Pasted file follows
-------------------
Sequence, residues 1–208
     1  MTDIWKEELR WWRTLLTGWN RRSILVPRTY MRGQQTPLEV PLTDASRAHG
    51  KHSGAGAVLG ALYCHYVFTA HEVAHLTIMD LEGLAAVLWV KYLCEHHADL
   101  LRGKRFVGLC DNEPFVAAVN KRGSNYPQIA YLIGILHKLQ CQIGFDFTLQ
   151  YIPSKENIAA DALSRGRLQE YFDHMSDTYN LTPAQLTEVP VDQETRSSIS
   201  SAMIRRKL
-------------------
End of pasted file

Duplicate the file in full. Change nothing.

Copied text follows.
Sequence, residues 1–208
     1  MTDIWKEELR WWRTLLTGWN RRSILVPRTY MRGQQTPLEV PLTDASRAHG
    51  KHSGAGAVLG ALYCHYVFTA HEVAHLTIMD LEGLAAVLWV KYLCEHHADL
   101  LRGKRFVGLC DNEPFVAAVN KRGSNYPQIA YLIGILHKLQ CQIGFDFTLQ
   151  YIPSKENIAA DALSRGRLQE YFDHMSDTYN LTPAQLTEVP VDQETRSSIS
   201  SAMIRRKL